Eloise Kirk is an artist living and working in Hobart, Tasmania.
With a Bachelor of Visual Arts with First Class Honours and a Masters of Fine Arts with an Australian Postgraduate Award at Sydney College of the Arts in 2013, she has since held exhibitions in Sydney, Melbourne, Hobart and Christchurch, and an online exhibition at Chasm Gallery in New York. She has also been curated into exhibitions at Darren Knight Gallery, Roslyn Oxley, Art Space, and the College of Fine Arts in Canterbury. Her work has also been included in the Safari Arts Festival and the Underbelly Arts Festival. She has been a finalist in the Fisher’s Ghost Prize, the John Fries Emerging Art Award, the Macquarie Bank Emerging Artist Award and the Grace Cossington Smith Art Prize. In 2014, she was awarded a two month Moya Dyring residency at the Cite Internationale des Arts, Paris.
She writes, “My work explores the unification of painting, collage and installation, sampling images of geological formations. Through the use of erasure, fragmentation and collage I use a sequence of symbolic arrangements. I collect, divide and then reassemble images and materials, pitting the precious against the precarious. The work is explicitly elemental, offering an aesthetic response to the interval between beauty and disaster, straddling the periphery of the romantic and the surreal. Previous projects have been generated from both natural and human made geological formations including Queenstown, Tasmania, Icelandic lava fields, calcium carbonate structures at Lake Mungo (NSW) and the mesas of Utah. These sites all contain particular qualities that I have incorporated into a symbolic vocabulary.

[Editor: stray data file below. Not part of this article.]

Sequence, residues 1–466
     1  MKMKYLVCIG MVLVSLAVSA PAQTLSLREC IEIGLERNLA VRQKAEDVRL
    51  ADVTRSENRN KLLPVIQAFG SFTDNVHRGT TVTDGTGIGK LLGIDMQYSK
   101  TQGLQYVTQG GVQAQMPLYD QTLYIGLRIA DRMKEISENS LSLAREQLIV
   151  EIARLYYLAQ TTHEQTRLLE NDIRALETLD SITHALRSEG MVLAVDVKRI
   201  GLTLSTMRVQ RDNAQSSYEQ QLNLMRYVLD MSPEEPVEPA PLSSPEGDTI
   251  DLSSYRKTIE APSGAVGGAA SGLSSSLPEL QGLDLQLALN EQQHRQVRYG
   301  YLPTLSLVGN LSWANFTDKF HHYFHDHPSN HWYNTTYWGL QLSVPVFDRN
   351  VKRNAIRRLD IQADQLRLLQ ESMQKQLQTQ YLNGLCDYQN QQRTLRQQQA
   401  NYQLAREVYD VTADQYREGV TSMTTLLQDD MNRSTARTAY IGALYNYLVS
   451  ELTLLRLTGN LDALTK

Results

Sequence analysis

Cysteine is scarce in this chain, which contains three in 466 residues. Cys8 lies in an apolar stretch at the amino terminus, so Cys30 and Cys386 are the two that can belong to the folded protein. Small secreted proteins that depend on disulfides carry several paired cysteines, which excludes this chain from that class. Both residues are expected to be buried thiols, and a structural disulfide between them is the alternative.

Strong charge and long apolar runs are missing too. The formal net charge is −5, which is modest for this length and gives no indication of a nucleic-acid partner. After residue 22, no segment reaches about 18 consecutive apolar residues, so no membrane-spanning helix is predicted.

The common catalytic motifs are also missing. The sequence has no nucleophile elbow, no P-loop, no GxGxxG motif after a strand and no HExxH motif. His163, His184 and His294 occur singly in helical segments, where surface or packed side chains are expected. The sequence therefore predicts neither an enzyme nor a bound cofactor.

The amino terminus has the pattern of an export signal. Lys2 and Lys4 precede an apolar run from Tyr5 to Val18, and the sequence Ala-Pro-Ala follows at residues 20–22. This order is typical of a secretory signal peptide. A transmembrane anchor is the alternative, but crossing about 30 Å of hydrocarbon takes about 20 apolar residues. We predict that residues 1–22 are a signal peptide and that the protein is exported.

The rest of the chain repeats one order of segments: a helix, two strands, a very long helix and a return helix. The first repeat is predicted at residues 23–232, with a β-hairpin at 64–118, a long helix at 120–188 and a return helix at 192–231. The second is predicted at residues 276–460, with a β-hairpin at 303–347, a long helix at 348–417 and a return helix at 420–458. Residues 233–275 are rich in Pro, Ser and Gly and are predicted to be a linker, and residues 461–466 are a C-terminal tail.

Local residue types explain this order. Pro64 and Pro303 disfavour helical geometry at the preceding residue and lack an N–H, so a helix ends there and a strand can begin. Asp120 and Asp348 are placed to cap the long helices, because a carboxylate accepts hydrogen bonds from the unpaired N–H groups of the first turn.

“More recently, I have been navigating 3D google maps to geological sites and formations which inspire my work. This virtual drifting has paved the way to new formations and uncanny landscapes within my practice. I have been focusing on digital glitches in cloud formations and virtual voids, mimicking and producing otherworldly compositions, which are informed by elements of surrealism and technology, but reproduced using lo-fi and sentimental materials and techniques. These compositions signify a new space, outside of my wakeful reality, expanding upon the borders of natural forms, sampling and fragmenting landscapes from screen based imagery, printed matter and found paintings to create landscapes, which however off-center offer a possible return to the sublime, reclaiming a misplaced sense of romanticism.”